Why are runners some of my most frequent patients? Up to 80% of runners are injured every year, and since I truly love running, I wanted to try to help them learn how to prevent injuries. Below are the top five running injuries that I see in the clinic and how to prevent them. Below you will learn how to identify the injury, what to do about it, the biomechanical cause, and some prevention tips.
1) Shin Splints (Medial Tibial Stress Syndrome): If you experience pain along the inside of the shin, typically on the lower third of the bone, this may be a sign of shin splints. Pain is usually just with running, but patients can experience pain with walking if there is a lot of swelling or if the symptoms have been going on for a while. If you have been experiencing symptoms for sometime, I would suggest that you see a professional. Shin Splints can become a more serious injury to the bone, and many runners wait until they develop a stress fracture before getting treatment. Shin splints are usually caused by hip or foot dysfunctions and are often related to excessive loading. To prevent shin splints, listen to your body and avoid overtraining. If you are training for longer runs, such as marathons, make sure that you roll out your calves, glutes, and hamstrings, hips and stretch at the end of each run! Use a Trigger Point (TP) kit before and after workouts and I also encourage massage one or two times month for those of you who run 20-50 miles per week. Your muscles and connective tissues need to heal. Each time you run, you stress so you need to take time to take care of it. If symptoms persist, the cause may be related to your hips or feet, and you may need some treatment and evaluation to help you keep putting one foot in front of the other.
2) IT Band Syndrome (Iliotibial Band): If you have pain on the outside of the knee that gets worse when it is cold outside, when you run downhill or down stairs, or after a certain distance, you may have inflammation of the IT Band. The IT band is a band of connective tissue that starts at the hip and runs down the outside of your thigh and inserts in the outside of the knee area. Your pain may develop anywhere from the hip to the knee. IT band syndrome is more common in women because of their typically wider hips but may also be caused by foot or hip dysfunction. If you have these symptoms and they are recurrent or preventing you from running further, more often there are likely some adhesions and you would benefit from ART (Active Release Therapy). An evaluation of your hips and feet may also show causes. Different exercises to strengthen weak areas often help in addition to fixing the injure tissue. IT Band Syndrome is mostly an excessive repetition injury. Prevention involves regular stretching, strengthening exercises, and being disciplined with your rolling.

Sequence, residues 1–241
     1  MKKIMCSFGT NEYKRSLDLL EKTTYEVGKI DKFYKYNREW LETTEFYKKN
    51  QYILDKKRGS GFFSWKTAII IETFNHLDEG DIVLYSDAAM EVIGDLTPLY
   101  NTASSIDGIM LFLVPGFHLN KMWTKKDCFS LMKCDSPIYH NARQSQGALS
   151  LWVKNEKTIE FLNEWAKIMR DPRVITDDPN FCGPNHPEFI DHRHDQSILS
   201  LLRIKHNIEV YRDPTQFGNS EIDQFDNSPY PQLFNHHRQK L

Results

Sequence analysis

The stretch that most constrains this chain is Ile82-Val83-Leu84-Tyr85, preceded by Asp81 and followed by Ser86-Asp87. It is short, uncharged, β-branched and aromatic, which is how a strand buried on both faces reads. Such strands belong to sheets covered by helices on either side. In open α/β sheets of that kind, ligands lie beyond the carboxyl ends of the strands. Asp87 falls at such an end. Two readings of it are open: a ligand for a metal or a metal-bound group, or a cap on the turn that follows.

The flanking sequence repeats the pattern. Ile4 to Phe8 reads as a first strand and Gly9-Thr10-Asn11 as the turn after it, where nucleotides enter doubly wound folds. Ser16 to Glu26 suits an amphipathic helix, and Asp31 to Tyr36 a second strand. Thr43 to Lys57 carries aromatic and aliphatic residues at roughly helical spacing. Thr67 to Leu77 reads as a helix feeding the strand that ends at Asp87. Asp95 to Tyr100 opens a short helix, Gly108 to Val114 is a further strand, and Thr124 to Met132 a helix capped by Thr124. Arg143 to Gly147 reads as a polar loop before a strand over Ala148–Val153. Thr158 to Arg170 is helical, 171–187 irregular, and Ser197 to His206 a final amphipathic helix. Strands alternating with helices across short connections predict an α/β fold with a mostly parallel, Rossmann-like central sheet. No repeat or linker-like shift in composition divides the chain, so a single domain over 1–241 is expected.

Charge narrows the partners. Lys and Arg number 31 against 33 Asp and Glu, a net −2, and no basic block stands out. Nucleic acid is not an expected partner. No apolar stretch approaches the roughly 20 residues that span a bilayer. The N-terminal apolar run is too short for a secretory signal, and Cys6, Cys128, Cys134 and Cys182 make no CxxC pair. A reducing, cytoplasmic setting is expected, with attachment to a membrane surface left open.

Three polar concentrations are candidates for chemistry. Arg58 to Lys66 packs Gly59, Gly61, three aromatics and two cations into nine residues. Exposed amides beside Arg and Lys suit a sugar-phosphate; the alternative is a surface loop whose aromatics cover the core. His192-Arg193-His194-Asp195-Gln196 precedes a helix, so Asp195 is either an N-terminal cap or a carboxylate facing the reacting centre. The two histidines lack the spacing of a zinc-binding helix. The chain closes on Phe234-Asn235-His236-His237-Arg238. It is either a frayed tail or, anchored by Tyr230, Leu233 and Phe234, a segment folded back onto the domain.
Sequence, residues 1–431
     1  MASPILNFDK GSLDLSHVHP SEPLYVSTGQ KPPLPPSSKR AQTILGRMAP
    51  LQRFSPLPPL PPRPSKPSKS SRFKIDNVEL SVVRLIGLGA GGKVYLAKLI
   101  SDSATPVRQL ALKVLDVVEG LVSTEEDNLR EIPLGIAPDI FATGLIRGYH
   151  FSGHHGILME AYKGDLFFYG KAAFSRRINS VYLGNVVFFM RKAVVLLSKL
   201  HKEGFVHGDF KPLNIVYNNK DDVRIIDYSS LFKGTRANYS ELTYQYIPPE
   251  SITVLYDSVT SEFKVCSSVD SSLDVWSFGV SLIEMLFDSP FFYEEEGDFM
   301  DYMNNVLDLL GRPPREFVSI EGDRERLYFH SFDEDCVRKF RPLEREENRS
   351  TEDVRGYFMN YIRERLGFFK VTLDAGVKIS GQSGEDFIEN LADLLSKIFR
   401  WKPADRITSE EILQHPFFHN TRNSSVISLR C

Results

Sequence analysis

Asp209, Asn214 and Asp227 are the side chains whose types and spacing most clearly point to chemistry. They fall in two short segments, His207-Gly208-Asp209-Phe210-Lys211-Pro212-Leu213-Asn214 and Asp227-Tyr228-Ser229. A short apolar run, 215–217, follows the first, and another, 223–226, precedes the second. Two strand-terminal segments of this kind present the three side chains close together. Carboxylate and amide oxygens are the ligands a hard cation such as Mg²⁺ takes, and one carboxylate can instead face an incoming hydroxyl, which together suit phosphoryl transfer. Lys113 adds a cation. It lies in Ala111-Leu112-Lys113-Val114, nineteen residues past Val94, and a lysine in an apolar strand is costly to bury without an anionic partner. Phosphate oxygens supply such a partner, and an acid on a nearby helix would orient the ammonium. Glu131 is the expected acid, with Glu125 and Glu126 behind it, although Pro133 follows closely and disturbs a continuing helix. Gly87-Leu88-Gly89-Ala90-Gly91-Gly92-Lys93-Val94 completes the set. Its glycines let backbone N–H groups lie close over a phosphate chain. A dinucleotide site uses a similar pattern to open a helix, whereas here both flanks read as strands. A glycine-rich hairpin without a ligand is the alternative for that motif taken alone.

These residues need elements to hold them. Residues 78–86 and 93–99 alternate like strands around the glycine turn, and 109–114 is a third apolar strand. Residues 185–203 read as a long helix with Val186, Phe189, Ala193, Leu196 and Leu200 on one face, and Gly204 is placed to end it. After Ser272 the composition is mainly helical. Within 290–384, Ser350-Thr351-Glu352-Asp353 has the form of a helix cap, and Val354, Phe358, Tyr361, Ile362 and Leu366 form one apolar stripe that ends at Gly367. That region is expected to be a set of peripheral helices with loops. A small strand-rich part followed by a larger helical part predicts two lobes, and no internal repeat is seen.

3) Plantar Fasciitis: Pain along the arch of the foot and/or in the small toe flexor muscles of the foot may be a sign of plantar fasciitis, that is a inflammation of the plantar fascia. Many patients feel pain first thing in the morning and at the beginning of a run. If you have these symptoms, it is important to start treatment as soon as possible. Plantar fasciitis can become chronic and prevent you from running. Treatment involves ART, Graston of the foot and calf muscles. Tightness in the calves can develop into pain as those tissues become those of the foot. Sometimes an adjustment to the big toe can also release the restrictive tissue and relieve the symptoms temporarily. Plantar fasciitis can also be caused by foot or hip dysfunction and is related to an excessive load and/or repetition. Evaluation of these factors may be necessary. You can prevent plantar fasciitis by doing regular foot exercises, TP kit or foam rolling followed by stretching your gluteus, piriformis, hamstring, quads, gastrocnemius, soleus, and foot muscles. I encourage you to start a yoga class once or twice a week to improve your balance, flexibility and foot strength.
4) Patellofemoral Pain Syndrome (PFPS): If you have pain in the front of your knee or around your knee cap when going down stairs, running, or even after prolonged sitting, you may have PFPS. The patella tendon is the tendon that runs through the knee cap. Sometimes the tendon and knee cap do not track correctly, leading to inflammation and irritation. The hip is responsible for patella tracking problems, but there are many factors that can contribute to PFPS, such as biomechanical dysfunction, muscle imbalance, reduced flexibility, and hip or foot dysfunctions. PFPS can result from excessive repetition, range of motion, and load injury. If you have these symptoms, I recommend that you get evaluated to see what is causing the pain and how to prevent it from getting worse. Prevention involves weight training and yoga as well as band exercises to strengthen the hips.
5) Achilles Tendinopathy: If you have pain along the Achilles tendon or in the back of the ankle when you first get out of bed, when you first start running or running up hill, you might have Achilles tendinopathy. Again, typically this injury is caused by hip or foot dysfunction and is due to lack of range of motion. If you have these symptoms, increase the stretching time for your calves and ankles. Roll your Achilles on the TP roller as often as you can. Roll and stretch the muscles of the lower extremity. If you notice any swelling of your Achilles, make an appointment to see a professional.